YOUR anonymous correspondent on the teachers’ pension strike (Letters) shows a remarkable lack of understanding for a school governor.
New teachers have not been entitled to a final salary pension since 2007 when contributions were increased.
Full pension age also then increased to 65. There is an issue about life expectancy, which could be negotiated, but the letter would have been better directed at Education Secretary Mr Gove who has refused an up to date actuarial assessment, wishes to have teachers working until 68 and pay nearly three per cent more each month with reduced final benefits.
Further, an average career scheme will be uprated on the basis of the lower CPI rather than the RPI.
This goes too far at a time when teachers are also experiencing a pay freeze.
There is only one conclusion that can be drawn – that what the Government wants is not based upon the viability of the scheme but as a contribution to the deficit reduction made necessary as a result of the efforts of bankers not teachers.
Did your anonymous governor protest when schools were given a bank holiday for the royal wedding?
The sarcastic tone of the letter also leads to a wider point. School governors are accountable to no-one yet have the power, as we have seen, to take our secondary schools out of a local authority partnership, into academy status.
Alan Tucker, Dorchester Road, Solihull
Price to pay
WHILST heartened that a supermarket chain is willing to listen to residents and amend their plans in response to local criticism, I am still dismayed at the prospect of a Waitrose in Knowle.
To me, this village is defined by strong community relationships, celebrated by a diverse, personal High Street. I am constantly saddened by how many British town centres are basic reproductions of each other, with national brands eradicating any individuality.
On the other hand, the most delightful retail experiences are often found in unique outlets, at indoor/ farmers markets, family-run cafes, etc.
If Knowle becomes a miniature clone of Solihull (and countless other destinations), the village, with all its residents, will lose the identity that has, so far, made Knowle a uniquely stimulating place to live.
I strongly hope I will always be able to recognise the place of my childhood, rather than losing it to bland consumerism.
Caroline Wood, Knowle
AS THE job market in Birmingham becomes increasingly crowded, it’s interesting to see that 85 per cent of businesses in the region rate a “can-do” attitude and soft skills, such as interpersonal and communications skills, as the most important attributes they look for when recruiting new workers.
With an influx of applicants fighting for fewer vacancies, from university-leavers competing for a small pool of graduate schemes, to a host of 18 year-olds entering the job market for the first time, it’s no surprise that businesses are spoiled for choice.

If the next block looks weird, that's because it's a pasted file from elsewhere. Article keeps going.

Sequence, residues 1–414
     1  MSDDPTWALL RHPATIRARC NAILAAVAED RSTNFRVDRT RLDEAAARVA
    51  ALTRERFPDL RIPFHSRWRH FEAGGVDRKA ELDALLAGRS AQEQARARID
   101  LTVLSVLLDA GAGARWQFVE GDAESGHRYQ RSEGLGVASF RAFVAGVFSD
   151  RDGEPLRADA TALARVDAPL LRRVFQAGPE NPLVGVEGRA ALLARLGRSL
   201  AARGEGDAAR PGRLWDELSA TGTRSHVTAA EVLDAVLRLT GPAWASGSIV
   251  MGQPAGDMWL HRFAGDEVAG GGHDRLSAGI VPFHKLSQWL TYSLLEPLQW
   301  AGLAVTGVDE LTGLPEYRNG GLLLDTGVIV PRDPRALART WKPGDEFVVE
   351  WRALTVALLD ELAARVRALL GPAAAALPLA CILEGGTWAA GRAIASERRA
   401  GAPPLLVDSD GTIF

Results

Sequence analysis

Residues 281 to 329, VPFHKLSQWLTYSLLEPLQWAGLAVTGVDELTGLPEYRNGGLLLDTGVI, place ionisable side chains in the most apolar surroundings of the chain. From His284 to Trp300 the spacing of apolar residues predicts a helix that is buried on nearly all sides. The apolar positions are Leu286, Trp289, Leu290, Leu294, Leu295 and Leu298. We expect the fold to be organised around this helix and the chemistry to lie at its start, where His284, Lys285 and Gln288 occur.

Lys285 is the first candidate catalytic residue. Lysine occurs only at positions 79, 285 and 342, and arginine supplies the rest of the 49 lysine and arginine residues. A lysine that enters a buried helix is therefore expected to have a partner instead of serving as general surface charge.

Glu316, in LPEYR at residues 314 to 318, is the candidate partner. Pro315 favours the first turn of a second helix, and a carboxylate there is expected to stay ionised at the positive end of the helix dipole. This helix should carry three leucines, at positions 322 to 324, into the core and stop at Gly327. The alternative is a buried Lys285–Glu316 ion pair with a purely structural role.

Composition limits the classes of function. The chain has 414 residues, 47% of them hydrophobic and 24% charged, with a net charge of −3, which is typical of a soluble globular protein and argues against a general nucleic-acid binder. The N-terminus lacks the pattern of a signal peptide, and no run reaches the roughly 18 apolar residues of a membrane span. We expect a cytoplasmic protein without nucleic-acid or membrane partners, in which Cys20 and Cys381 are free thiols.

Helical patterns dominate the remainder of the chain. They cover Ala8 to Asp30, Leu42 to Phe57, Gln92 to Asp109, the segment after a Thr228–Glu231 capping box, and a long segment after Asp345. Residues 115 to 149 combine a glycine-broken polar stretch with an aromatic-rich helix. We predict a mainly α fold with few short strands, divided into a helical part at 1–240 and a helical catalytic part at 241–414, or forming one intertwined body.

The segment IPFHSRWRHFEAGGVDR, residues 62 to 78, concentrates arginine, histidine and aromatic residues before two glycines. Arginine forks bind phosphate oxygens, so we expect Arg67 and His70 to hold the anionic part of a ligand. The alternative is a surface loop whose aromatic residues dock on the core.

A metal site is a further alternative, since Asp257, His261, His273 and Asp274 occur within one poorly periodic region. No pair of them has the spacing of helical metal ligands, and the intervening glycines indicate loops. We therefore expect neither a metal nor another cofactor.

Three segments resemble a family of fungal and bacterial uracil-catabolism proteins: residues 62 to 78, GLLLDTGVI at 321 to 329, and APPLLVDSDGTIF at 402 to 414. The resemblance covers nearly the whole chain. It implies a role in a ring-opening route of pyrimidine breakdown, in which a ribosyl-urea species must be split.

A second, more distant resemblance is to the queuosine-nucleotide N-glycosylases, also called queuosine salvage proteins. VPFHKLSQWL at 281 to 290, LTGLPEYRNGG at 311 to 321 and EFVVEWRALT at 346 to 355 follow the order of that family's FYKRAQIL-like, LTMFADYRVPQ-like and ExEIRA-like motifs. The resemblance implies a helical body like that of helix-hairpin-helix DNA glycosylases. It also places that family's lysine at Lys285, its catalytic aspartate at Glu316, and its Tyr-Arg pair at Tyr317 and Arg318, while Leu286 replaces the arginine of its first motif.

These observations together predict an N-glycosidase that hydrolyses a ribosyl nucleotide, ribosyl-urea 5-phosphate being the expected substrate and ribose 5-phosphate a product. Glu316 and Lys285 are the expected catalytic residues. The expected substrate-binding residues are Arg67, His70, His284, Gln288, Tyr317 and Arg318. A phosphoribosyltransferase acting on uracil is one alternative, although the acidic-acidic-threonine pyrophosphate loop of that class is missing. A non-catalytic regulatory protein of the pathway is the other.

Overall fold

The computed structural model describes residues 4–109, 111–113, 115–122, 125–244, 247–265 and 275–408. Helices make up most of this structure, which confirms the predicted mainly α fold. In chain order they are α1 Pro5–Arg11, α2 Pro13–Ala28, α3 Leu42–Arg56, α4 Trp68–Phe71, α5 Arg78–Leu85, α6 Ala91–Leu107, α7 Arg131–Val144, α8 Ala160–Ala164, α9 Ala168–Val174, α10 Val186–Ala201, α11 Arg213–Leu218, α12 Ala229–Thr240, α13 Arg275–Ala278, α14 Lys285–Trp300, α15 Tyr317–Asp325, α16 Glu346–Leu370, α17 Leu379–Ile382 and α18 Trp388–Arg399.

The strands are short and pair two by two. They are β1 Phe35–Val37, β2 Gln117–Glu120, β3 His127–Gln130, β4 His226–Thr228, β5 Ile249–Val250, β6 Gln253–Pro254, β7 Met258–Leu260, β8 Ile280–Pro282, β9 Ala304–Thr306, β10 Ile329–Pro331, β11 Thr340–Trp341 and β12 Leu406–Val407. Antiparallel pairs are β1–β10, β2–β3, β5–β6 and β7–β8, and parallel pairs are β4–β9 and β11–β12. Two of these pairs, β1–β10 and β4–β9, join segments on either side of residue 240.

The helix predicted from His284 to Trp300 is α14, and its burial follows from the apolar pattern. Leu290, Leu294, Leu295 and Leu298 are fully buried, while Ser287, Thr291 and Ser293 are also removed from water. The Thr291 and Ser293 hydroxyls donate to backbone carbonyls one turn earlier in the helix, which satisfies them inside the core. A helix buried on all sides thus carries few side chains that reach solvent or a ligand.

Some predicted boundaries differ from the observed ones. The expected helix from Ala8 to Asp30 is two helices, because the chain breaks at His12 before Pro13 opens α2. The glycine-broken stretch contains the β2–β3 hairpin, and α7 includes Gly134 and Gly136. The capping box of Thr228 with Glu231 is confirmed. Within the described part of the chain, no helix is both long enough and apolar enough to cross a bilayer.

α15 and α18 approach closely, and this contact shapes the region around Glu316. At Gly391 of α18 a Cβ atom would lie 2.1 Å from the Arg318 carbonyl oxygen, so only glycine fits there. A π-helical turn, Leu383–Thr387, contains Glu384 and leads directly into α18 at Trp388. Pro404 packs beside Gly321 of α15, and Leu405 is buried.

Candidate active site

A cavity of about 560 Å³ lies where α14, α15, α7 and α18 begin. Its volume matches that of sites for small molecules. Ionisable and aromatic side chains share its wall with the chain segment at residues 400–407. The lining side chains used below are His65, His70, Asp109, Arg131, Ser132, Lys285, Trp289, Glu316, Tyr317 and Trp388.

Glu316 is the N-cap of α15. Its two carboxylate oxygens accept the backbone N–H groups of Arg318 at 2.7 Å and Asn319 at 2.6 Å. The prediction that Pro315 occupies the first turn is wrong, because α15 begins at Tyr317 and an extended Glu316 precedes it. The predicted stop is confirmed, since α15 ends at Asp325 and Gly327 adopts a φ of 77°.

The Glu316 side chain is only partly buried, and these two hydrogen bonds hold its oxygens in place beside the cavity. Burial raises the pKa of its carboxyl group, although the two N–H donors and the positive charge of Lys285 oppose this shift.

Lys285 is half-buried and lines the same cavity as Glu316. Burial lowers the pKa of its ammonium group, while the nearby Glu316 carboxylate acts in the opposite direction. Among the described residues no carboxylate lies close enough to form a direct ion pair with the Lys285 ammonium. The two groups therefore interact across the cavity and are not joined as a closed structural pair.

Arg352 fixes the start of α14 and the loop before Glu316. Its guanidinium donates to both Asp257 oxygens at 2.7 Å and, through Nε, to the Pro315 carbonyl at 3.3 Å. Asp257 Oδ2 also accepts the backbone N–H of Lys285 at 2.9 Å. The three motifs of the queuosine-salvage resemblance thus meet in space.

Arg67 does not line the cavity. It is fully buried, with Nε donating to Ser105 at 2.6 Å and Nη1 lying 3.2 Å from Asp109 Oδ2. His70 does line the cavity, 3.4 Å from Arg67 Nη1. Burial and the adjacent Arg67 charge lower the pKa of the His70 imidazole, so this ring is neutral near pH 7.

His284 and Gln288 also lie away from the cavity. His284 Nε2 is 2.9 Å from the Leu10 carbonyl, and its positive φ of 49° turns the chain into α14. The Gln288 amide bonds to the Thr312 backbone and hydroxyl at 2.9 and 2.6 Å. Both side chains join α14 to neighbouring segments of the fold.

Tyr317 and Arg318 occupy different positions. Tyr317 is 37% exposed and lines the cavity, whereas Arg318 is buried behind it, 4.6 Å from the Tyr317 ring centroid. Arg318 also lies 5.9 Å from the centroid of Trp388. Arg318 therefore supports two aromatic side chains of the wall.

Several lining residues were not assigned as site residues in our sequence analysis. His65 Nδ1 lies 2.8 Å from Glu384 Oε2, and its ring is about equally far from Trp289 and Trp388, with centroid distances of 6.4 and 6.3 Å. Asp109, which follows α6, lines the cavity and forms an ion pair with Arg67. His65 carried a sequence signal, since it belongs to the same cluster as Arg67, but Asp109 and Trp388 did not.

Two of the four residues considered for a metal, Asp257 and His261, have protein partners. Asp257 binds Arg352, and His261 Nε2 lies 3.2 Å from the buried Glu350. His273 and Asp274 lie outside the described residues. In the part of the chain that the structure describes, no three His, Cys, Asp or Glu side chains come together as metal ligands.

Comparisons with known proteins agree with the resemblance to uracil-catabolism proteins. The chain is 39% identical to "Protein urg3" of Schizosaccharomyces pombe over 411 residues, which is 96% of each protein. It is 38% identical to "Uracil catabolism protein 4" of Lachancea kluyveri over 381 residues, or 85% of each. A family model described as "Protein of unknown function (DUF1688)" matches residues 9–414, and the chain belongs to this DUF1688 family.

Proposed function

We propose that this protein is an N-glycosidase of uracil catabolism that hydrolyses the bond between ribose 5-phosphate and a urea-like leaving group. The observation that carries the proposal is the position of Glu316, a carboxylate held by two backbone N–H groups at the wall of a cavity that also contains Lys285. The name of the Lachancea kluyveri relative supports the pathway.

With ‘street-smart’ fast overtaking ‘book-smart’, applicants in Birmingham will be well advised to showcase their personable side in interviews, as businesses increasingly look for workers with the right soft skills.
Paul Lawrence, Virgin Media Business, Birmingham
I WOULD like to express my gratitude to the three young women who found and returned my handbag and driving licence after it was stolen in a burglary that morning. They would not accept any reward. My faith in human nature was crushed and restored in one day.
Solihull Lodge Resident
MANY thanks to the staff at Happit, Shirley for their kindness during a recent purse theft I experienced.
A member of staff accompanied me to the police station and looked after my baby while I dealt with the matters of cancelling bank cards, reporting the theft etc.
Other shop staff put my intended purchases one side for me to collect when I had the means to pay for them which was most helpful.
Great customer service all round... but Shirley shoppers beware, there has been a spate of pick pocketing so keep a close eye on your possessions!
Name and address supplied
PUBLIC sector pensions, private pensions, MPs’ pensions, and bankers pensions, so why is it that the first two must be cut, but the latter two seem to have immunity from cuts, in fact when you look at the MPs and bankers pensions you see massive growth in their pension pots.
You have to ask is it not time we re-addressed how bankers and MPs’ pension pots are topped up while other funds are drained?
ST Vaughan, Glastonbury Rd, Yardley Wood
THE Blue Cross Animal Adoption Centre is appealing for bric-a-brac for its fete on September 3. They need china, glass, toiletries, toys etc but unforunately not clothes, electrical items or big furniture.
Items can either be taken to the centre or to arrange collection call 0121 453 3130. All monies raised goes to the animals.
Neil Edwards, manager, The Blue Cross